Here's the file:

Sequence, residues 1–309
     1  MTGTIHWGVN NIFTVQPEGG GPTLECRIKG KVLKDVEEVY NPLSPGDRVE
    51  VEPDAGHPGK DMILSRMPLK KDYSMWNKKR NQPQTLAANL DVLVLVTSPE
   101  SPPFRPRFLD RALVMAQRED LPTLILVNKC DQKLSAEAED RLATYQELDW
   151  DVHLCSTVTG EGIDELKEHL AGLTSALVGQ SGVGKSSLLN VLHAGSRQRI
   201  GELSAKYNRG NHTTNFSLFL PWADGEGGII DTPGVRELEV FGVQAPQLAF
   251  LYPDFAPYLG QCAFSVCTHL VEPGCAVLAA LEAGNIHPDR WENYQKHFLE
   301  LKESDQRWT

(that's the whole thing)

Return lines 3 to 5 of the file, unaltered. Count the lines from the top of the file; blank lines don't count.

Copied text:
    51  VEPDAGHPGK DMILSRMPLK KDYSMWNKKR NQPQTLAANL DVLVLVTSPE
   101  SPPFRPRFLD RALVMAQRED LPTLILVNKC DQKLSAEAED RLATYQELDW
   151  DVHLCSTVTG EGIDELKEHL AGLTSALVGQ SGVGKSSLLN VLHAGSRQRI